• Are you struggling with your weight?
  • Have you had teeth removed for orthodontic reasons?
  • What about your digestion? Is it great? Or do you have bowel issues?
  • What about anxiety or depression?
  • Do you feel anxious often?

If any of these apply to you, you should determine whether airway issues are involved.

Individuals who exhibit signs of compromised breathing, sleep-related disorders, or other airway-related problems may be suitable candidates for Airway Centered Dentistry. Some common indicators that could suggest the need for this specialized dental approach include:

  • Chronic snoring: Loud, persistent snoring that disrupts sleep patterns for the individual and their partner.
  • Sleep apnea: Episodes of interrupted breathing during sleep, resulting in abrupt awakenings, gasping, or choking sensations.
  • Bruxism: Excessive teeth grinding or clenching, often associated with sleep disturbances and worn tooth surfaces.
  • TMJ disorders: Pain, stiffness, or dysfunction in the jaw joint, often accompanied by headaches, facial pain, or difficulty opening and closing the mouth smoothly.
  • Restricted nasal airflow: Chronic congestion, sinus issues, or breathing difficulties through the nose.
  • Enlarged tonsils or adenoids: Inflammation or obstruction of these structures, potentially contributing to airway problems.
  • Poor sleep quality: Frequent fatigue, daytime drowsiness, or difficulty concentrating due to disrupted sleep patterns.

It is important to consult with a qualified Airway Centered Dentistry professional who can evaluate your specific symptoms and provide appropriate guidance and treatment options.

What happens during an Airway Assessment?

The Airway Evaluation begins with a comprehensive evaluation by the dentist, who will conduct a thorough examination of the patient's oral cavity, airway, and related structures. This examination may involve the use of advanced diagnostic tools, such as 3D imaging, airway imaging, and computerized analysis.

Based on the evaluation findings, the dentist will develop a personalized treatment plan tailored to the patient's specific needs. The treatment plan may include a combination of therapeutic interventions, depending on the nature and severity of the airway-related issues. These interventions can include:

  • Oral appliance therapy: Customized oral appliances are designed to help reposition the jaw and tongue to improve airflow during sleep, reducing snoring and treating mild to moderate sleep apnea.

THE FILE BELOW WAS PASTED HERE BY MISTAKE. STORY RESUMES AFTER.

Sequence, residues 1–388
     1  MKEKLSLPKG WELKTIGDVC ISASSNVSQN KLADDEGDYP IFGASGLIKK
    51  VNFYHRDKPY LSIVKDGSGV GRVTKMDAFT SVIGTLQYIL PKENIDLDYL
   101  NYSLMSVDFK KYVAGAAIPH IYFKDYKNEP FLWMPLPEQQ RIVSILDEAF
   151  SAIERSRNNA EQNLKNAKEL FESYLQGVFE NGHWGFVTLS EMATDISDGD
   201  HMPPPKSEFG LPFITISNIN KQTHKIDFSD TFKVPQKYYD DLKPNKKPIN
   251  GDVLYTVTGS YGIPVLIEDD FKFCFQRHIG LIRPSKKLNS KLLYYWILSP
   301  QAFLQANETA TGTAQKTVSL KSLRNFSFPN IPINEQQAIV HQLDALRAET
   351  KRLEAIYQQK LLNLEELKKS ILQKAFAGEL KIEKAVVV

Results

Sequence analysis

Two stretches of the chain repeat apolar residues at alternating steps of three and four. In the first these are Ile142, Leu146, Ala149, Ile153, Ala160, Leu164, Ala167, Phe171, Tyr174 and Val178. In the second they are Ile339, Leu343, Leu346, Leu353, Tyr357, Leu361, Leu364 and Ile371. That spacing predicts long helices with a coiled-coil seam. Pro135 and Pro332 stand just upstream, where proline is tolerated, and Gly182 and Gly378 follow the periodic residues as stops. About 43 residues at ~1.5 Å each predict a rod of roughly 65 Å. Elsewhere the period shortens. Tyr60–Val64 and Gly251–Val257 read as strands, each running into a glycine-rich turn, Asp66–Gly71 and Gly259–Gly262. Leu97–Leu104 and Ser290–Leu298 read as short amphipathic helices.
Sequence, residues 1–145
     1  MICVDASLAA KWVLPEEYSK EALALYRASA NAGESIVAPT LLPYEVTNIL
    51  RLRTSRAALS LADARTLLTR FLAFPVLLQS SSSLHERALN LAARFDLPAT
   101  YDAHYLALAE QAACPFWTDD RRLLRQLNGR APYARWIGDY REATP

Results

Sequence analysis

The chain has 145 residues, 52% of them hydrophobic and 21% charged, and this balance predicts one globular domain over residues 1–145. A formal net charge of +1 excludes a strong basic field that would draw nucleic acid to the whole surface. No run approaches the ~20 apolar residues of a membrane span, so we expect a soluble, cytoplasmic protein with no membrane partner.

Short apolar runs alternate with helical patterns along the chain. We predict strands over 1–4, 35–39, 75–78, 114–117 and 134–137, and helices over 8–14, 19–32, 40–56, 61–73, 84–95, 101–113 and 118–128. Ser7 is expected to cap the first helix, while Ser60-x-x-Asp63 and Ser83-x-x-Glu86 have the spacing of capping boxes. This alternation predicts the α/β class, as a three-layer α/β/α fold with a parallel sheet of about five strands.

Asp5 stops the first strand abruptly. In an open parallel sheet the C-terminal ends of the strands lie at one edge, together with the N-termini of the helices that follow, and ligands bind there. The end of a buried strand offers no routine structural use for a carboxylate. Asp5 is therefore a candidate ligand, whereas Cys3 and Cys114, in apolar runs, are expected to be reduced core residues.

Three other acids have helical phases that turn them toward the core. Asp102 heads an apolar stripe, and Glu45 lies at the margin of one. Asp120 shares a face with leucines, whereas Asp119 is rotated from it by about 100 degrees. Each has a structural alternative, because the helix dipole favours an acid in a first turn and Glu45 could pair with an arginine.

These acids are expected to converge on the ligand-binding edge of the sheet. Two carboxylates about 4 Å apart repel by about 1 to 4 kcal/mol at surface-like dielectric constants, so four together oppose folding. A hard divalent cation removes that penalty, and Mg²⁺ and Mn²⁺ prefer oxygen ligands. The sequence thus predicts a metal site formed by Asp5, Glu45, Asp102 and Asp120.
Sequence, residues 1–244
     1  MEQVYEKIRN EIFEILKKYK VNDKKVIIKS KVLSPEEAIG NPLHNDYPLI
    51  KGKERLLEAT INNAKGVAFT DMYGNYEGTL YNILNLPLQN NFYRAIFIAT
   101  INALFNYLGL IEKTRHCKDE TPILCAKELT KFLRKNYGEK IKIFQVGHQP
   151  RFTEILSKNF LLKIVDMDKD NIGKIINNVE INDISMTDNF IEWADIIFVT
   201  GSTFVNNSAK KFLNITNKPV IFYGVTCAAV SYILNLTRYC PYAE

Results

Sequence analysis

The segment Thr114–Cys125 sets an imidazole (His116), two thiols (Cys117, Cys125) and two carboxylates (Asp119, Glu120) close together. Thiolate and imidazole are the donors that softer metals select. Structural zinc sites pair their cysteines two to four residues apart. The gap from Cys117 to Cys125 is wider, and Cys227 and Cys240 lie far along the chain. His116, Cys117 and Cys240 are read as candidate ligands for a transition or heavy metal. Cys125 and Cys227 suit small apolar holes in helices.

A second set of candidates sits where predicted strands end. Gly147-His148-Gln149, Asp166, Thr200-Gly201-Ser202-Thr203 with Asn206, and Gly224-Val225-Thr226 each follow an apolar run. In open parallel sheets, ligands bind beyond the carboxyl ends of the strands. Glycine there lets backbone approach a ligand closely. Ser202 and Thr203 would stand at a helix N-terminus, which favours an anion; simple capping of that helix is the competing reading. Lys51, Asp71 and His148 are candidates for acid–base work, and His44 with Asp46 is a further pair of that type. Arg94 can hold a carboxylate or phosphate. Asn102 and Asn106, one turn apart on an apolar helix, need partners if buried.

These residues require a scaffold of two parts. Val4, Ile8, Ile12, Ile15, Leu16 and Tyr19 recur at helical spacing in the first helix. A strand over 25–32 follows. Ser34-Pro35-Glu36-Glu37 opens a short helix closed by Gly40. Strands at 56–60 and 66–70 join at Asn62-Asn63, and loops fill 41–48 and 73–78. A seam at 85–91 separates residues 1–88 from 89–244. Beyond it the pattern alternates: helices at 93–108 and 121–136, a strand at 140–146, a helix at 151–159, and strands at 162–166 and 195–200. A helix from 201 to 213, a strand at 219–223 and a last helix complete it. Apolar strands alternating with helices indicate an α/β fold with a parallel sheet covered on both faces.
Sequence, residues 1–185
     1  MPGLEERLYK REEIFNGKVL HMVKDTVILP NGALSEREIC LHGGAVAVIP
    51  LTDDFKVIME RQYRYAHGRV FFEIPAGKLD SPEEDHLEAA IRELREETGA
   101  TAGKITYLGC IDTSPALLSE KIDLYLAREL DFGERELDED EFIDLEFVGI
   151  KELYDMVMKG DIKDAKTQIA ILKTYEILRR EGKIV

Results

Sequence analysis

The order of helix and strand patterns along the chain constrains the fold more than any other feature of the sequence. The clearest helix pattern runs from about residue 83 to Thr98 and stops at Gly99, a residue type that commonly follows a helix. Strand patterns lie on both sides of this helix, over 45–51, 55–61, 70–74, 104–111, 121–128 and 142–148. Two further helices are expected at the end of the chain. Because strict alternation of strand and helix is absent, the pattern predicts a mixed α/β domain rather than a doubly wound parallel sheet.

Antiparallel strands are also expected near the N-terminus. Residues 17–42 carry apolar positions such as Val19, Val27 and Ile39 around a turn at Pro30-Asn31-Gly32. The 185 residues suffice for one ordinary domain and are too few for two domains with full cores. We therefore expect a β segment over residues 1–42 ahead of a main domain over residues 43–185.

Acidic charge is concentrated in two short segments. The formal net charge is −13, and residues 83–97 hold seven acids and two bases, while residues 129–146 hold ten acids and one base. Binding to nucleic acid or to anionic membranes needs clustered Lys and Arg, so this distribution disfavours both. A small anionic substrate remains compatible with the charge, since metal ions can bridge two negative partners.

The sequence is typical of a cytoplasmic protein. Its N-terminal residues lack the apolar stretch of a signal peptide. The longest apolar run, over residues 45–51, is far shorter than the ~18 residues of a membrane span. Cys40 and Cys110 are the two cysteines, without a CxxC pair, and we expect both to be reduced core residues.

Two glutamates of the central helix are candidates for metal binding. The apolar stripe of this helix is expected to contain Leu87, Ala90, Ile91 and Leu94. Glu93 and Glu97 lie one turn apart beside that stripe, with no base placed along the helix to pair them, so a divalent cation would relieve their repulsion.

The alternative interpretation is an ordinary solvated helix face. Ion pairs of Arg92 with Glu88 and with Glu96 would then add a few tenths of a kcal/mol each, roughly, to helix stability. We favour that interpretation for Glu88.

• Orthodontic treatment: In some cases, orthodontic interventions, such as braces or aligners, may be recommended to correct dental and skeletal misalignments that contribute to airway obstruction.
  • Myofunctional therapy: This therapy focuses on strengthening the muscles of the face and mouth to improve breathing patterns, swallowing, and overall oral function.
  • Collaborative care: Airway Centered Dentistry professionals often work closely with other healthcare specialists, such as sleep medicine physicians, ENT (ear, nose, and throat) specialists, respiratory therapists, Airway Centered Orthodontist, Myofunctional therapist, Orofacial Myologist, Craniosacral therapist, Atlas Orthogonist, Postural Restoration Therapist, Airway centered Periodontist and Airway centered oral surgeon in the specialists to provide comprehensive care and ensure optimal outcomes for patients. Many airway patients are complex, and they require collaboration with multiple specialists working to their ultimate benefit to undo the damage that the inadequate airway has wrought on their provide comprehensive care and ensure optimal outcomes for patients.

The Airway Centered Dentistry team will prioritize patient comfort, education, and engagement. They will guide patients through the treatment process, addressing any concerns or questions they may have, and provide ongoing support to help achieve and maintain optimal oral health and improved airway function.

Remember, each patient's treatment plan will be tailored to their specific needs and circumstances. It is essential to consult with a qualified Airway Centered Dentistry professional to determine the most suitable approach for your individual situation.